Surveys have shown one third of Kiwis think science is too specialised to understand. In this series, scientists who tackle mind-bogglingly complex problems each day make it simple for us. Today, we talk to GNS Science geophyicist Dr Laura Wallace.
How would you describe what you do to a peer at a conference? And then how would you to a stranger at a barbecue?
When I'm at a conference and meet another Earth scientist for the first time, I usually say that "I do geodetic studies of plate boundary deformation with a focus on subduction zone interface processes, including locking and slow slip events."
That is a very jargony answer, but fortunately most other Earth scientists would know what I'm talking about.
To describe this to a non-scientist that I meet at a barbecue, I would say that "I use GPS technology to track millimeter-level movement of the land, to figure out where and how movement between the tectonic plates is accommodated. Some of my work also involves figuring out where fault lines are locked up and building up pressure that can be released in future earthquakes."
What project or projects are you currently working on at the moment and what's involved?
The Hikurangi subduction zone has totally taken over my life for the last decade.
The Hikurangi subduction zone is New Zealand's largest and most active plate boundary fault, and is where the Pacific Plate dives, or "subducts" beneath the North Island.
I am involved in a large number of projects using a variety of techniques to better understand the accommodation of plate motion at the subduction zone, and what this means for earthquake and tsunami hazard in New Zealand.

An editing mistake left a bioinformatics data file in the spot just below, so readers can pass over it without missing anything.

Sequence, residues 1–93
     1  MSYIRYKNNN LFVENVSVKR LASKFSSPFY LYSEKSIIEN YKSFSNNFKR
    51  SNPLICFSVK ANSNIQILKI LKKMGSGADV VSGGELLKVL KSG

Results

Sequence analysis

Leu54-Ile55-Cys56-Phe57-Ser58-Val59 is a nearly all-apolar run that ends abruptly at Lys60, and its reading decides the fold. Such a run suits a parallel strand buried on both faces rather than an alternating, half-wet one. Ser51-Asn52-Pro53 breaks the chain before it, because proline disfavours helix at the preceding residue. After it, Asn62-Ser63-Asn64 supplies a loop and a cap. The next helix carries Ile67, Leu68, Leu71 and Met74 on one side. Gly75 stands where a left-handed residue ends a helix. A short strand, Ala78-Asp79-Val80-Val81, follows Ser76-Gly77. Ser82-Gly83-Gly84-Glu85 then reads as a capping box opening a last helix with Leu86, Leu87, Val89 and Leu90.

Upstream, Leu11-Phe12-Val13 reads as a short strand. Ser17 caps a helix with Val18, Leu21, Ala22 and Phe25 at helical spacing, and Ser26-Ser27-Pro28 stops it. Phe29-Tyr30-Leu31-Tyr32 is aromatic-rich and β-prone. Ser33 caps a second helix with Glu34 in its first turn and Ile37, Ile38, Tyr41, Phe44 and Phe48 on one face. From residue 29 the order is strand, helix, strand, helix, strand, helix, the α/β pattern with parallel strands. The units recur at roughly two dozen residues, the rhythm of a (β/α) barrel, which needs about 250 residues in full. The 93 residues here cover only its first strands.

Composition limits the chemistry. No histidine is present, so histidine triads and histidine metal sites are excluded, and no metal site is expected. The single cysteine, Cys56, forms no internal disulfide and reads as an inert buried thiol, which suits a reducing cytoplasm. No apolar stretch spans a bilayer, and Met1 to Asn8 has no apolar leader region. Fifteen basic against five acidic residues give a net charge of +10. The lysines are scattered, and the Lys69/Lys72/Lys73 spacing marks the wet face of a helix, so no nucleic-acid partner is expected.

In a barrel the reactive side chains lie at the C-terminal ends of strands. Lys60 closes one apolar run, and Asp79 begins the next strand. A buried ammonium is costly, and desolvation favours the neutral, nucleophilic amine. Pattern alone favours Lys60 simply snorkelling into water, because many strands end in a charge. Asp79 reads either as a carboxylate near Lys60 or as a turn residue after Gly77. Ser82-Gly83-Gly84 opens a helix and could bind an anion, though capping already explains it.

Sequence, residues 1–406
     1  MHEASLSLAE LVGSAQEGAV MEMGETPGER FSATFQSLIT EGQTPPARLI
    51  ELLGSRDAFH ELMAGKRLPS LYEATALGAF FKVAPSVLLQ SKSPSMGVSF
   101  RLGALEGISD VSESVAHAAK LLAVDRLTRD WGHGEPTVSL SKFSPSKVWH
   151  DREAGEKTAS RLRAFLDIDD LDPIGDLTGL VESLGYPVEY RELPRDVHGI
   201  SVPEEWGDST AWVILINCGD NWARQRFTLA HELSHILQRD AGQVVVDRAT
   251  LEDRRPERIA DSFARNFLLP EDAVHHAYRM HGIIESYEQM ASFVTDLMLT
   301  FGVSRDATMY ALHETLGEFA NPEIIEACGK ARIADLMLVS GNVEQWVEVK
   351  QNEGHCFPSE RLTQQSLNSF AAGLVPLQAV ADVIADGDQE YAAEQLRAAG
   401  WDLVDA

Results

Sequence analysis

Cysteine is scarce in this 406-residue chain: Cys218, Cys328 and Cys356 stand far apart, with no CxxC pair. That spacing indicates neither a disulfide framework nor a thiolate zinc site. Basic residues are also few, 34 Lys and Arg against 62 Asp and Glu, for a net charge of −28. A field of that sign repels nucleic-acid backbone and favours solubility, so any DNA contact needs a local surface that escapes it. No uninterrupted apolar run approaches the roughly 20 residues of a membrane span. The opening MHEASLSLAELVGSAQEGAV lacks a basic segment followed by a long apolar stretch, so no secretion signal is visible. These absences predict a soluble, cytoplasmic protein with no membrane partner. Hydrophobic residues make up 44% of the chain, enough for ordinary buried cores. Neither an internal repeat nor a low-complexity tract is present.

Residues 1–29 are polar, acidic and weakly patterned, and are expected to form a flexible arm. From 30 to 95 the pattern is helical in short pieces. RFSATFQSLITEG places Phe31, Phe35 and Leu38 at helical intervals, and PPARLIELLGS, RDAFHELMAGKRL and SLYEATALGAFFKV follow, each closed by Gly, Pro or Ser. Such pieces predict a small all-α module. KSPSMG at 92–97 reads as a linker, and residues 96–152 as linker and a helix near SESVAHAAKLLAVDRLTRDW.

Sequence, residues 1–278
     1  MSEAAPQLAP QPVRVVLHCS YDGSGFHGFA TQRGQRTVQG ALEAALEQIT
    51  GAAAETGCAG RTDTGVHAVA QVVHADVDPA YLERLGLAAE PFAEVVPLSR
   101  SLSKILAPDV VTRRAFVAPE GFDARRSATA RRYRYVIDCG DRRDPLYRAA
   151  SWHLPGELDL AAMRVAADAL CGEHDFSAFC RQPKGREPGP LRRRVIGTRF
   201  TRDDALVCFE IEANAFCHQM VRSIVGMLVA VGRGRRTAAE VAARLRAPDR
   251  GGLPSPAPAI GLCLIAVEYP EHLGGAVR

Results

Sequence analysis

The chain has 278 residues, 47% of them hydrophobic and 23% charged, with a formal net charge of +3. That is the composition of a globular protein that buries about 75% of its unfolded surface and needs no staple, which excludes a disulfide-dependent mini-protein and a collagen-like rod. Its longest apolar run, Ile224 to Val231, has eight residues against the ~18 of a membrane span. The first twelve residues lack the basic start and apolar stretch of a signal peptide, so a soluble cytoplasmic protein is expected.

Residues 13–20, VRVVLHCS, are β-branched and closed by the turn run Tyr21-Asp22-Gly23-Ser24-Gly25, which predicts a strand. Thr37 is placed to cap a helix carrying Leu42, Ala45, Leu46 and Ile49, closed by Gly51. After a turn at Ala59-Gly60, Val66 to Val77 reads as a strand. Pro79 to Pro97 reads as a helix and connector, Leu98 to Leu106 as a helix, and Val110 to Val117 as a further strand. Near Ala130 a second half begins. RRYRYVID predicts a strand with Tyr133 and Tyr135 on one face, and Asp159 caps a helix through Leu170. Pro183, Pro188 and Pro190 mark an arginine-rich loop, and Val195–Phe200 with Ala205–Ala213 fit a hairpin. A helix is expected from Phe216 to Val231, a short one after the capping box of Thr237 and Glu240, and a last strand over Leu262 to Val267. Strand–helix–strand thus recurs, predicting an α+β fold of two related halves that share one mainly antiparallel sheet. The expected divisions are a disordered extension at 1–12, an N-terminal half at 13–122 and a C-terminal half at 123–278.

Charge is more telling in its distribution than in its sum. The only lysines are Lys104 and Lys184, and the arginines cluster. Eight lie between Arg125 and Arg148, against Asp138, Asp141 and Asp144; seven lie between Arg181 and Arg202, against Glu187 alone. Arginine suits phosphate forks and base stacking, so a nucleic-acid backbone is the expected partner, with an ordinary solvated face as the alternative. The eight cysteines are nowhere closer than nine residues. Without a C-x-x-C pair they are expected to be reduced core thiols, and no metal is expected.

I am also involved in some projects to understand active tectonic plate boundaries in other parts of the western Pacific, such as Papua New Guinea, Japan, and the Solomon Islands.
What are the trickiest questions facing your field and why is solving them so difficult?
Some of the toughest questions facing my field today are what causes earthquakes to happen, and is there any way to better forecast when they might happen?
This is such a hard nut to crack because the part of a fault where earthquakes start is usually many kilometres beneath the Earth's surface.
Because the earthquake generating parts of faults are so deep, it is difficult to study them directly.
So, scientists have to get clever about how they study faults and earthquakes to be able to answer these questions.
What do you feel are the most interesting or fascinating aspects of your field?
One of the main things I have been studying for the last 15 years are these things called "slow slip events", or "slow slip earthquakes".
Their existence was first discovered less than 20 years ago, and since then they have blown open a huge new field of study in seismology.
Slow slip events are similar to earthquakes, because they involve faster than normal movement along a fault.
But, the slow slip events take weeks to months for this fault movement to occur.
This is very different from an earthquake, which are generated by fault movement that occurs over a matter of seconds.
I and many other scientists are fascinated by these slow slip events, because we don't yet understand the physical processes that cause faults to behave in such a way.
Why do you think the work is important and what could it help us understand?
Understanding why and where slow slip events happen is a key missing link in our understanding of how faults work.
A full understanding of the range of fault movements and their causes is also needed to understand how "fast slip" earthquakes are generated.
Slow slip events also have great potential to improve our ability to forecast earthquakes.
In New Zealand, we often see lots of small earthquakes during slow slip events on the Hikurangi subduction zone.
Once we can better understand this relationship between slow slip events and earthquakes - in space and time - we might be able to use slow slip events to do better earthquake forecasts.